LINCOLN, Neb. (AP) — Four Nebraska stores that sell millions of cans of beer each year near a South Dakota Indian reservation lost their liquor licenses Wednesday amid complaints that they fuel alcohol-related problems among members of the Oglala Lakota Tribe.
The state ruling marks a monumental shift for Whiteclay, an unincorporated town with nine official residents on the border of the Pine Ridge Indian Reservation. The stores have operated in town for decades despite criticism that the area lacks adequate law enforcement to enforce state liquor laws and prevent violence and sexual assaults.
Advocates who wanted the stores closed erupted in cheers as the Nebraska Liquor Control Commission voted 3-0 not to renew the stores' licenses. The stores are expected to appeal the ruling. Their licenses are set to expire on April 30, although a district court judge could allow them to stay in business until the appeal is resolved.
"I never expected this to happen," said Bryan Brewer, a former Oglala Lakota Tribe president who had called on state officials to close the stores. "I'm just really surprised and thankful. Now, we have to start our healing process."
Frank LaMere, a Winnebago Tribe of Nebraska member who has fought for decades to close the stores, wiped tears from his eyes after the decision was read.
"Today I am proud to be a Nebraskan," LaMere said. "But our work is just beginning."
Bob Batt, the commission's chairman, said after the hearing that the reservation suffers from "benign neglect" and the attitude of the local Whiteclay officials and beer store owners "reminds me of Alabama in the 1950s," a reference to the local officials who allowed racial discrimination in the South. Batt said the federal government needs to take steps to address the reservation's longstanding problems.
"These are human beings," Batt said of the tribe members. "They are really suffering."
Andrew Snyder, an attorney for the beer stores, said the commission contradicted previous Nebraska Supreme Court rulings with its decision and argued that the store owners complied with state law.
"They're disappointed, but they're resolved to see it through" to an appeal, Snyder said. "The commission was wrong, and we believe the decision was contrary the law."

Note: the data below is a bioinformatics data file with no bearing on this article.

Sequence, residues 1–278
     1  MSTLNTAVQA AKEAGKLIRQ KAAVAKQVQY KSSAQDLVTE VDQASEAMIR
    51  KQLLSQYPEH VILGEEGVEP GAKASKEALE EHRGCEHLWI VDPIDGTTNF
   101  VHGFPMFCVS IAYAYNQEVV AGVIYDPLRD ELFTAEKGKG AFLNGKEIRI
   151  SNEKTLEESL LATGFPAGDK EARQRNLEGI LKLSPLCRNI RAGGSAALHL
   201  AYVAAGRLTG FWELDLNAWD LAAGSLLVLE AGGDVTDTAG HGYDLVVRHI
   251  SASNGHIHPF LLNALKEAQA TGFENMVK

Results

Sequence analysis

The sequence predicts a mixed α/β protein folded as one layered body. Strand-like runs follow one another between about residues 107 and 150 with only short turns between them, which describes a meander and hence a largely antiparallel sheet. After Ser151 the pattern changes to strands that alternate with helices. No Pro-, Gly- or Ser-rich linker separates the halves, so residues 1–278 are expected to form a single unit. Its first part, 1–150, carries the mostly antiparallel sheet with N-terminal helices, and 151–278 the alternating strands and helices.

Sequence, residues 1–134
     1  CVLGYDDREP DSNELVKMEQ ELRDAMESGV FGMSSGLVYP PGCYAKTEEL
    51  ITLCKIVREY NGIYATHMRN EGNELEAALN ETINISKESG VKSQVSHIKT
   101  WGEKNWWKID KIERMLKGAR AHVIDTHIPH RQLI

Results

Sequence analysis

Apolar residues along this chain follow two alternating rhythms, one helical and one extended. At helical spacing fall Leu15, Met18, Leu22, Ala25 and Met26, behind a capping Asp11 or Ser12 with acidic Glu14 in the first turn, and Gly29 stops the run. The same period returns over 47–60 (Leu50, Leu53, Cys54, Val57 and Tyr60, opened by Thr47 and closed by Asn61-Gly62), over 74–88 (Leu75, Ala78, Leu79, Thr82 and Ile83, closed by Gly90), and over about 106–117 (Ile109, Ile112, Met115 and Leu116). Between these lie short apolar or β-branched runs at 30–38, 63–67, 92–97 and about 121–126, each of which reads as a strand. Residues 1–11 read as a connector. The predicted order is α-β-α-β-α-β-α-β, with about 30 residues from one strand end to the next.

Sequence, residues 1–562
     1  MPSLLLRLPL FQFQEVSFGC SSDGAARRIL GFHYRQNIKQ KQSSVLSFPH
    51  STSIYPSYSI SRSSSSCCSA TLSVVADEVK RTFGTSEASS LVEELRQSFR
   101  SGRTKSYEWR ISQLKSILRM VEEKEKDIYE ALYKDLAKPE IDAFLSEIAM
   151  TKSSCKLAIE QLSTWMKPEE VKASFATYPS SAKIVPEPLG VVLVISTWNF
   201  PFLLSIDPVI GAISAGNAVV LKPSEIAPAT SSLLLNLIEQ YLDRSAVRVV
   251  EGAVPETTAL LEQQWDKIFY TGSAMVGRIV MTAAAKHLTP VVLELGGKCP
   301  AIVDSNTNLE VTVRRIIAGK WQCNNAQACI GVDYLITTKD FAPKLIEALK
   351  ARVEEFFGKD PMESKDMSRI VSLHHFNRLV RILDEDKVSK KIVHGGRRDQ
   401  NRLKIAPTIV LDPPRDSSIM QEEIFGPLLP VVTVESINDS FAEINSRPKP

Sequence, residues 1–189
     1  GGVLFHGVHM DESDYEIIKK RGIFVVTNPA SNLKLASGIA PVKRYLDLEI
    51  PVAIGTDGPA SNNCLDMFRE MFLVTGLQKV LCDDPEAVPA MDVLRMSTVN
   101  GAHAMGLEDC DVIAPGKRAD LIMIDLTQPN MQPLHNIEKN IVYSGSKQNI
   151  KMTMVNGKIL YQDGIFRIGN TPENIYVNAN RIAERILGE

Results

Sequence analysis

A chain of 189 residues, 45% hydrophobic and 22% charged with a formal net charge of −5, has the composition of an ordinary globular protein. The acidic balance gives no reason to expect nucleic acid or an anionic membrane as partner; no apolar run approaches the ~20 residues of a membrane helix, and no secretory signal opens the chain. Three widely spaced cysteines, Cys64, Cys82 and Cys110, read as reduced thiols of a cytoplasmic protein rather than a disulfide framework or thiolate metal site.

Messages left with the beer store owners were not immediately returned.
Here are some key things to know about Whiteclay:
WHY ARE THE STORES SIGNIFICANT?
The stores sell cheap beer and malt liquor just 200 yards south of the reservation, which prohibits alcohol but continues to struggle with high rates of fetal alcoholism and one of the lowest life expectancy rates in the Western Hemisphere.
Whiteclay draws mostly Native Americans who loiter around abandoned buildings, beg for change and pass out on sidewalks lined with dirty clothes and empty beer cans.
HOW IS LIFE IN WHITECLAY?
Advocates urged the commission not to renew the licenses during a hearing earlier this month. The tribe's attorney general testified that Nebraska law enforcement officers seldom work with the tribe's police force, which has 25 officers to patrol a reservation that's geographically larger than Rhode Island and Delaware combined.
Religious leaders who live in Whiteclay said they frequently see public drunkenness, human waste and Native Americans suffering from injuries. Occasionally, they said women will come to them claiming they were raped.
Officials in Sheridan County, which includes Whiteclay, disputed the claims that law enforcement is inadequate but acknowledged that they recently increased the county's law enforcement budget to deal with problems in the area. During an April 7 hearing, the Oglala Lakota Tribe's attorney general argued that local law enforcement rarely communicated with the tribe's police force.
Dave Domina, an attorney for the stores' opponents, said those comments played an important role in his case. The nearest law enforcement office in Sheridan County is based in Rushville, more than 20 miles south of Whiteclay.
"I think we're in a very strong position" to contest any appeal, Domina said.
WHAT DOES LAW ENFORCEMENT SAY?
During the April 7 hearing, longtime Sheridan County Sheriff Terry Robbins disputed allegations that deputies ignore the problems but acknowledged that he no longer writes citations for open container violations. He said his deputies don't visit Whiteclay every day but spend more time in the village during the 1st and 15th of each month, when tribe members receive government benefit checks.
A Nebraska State Patrol investigator told commissioners the patrol has received four formal complaints against the stores in the last two years but wasn't able to substantiate any of them.
WHAT ELSE ARE STATE OFFICIALS AND ACTIVISTS DOING?
In a separate case, the Nebraska attorney general's office has filed 22 citations against the businesses for selling to bootleggers, failing to cooperate with investigators and other liquor-law violations. Those allegations are set for a separate hearing in May and were inadmissible as evidence in the license renewal case.
Nebraska state Sen. Tom Brewer of Gordon, an Oglala Lakota Tribe member whose district includes Whiteclay, said he and other lawmakers will continue their recently announced push to clean up the garbage-strewn town and promote economic development in the area.
"This isn't going to end the problems, but it's a start," Brewer said.
John Maisch, an activist who fought to shutter the stores, said opponents will work with the tribe to help make changes that its members want.
"A dark cloud has been lifted off of Nebraska today," he said. "We feel Whiteclay can be an enormously vibrant place."
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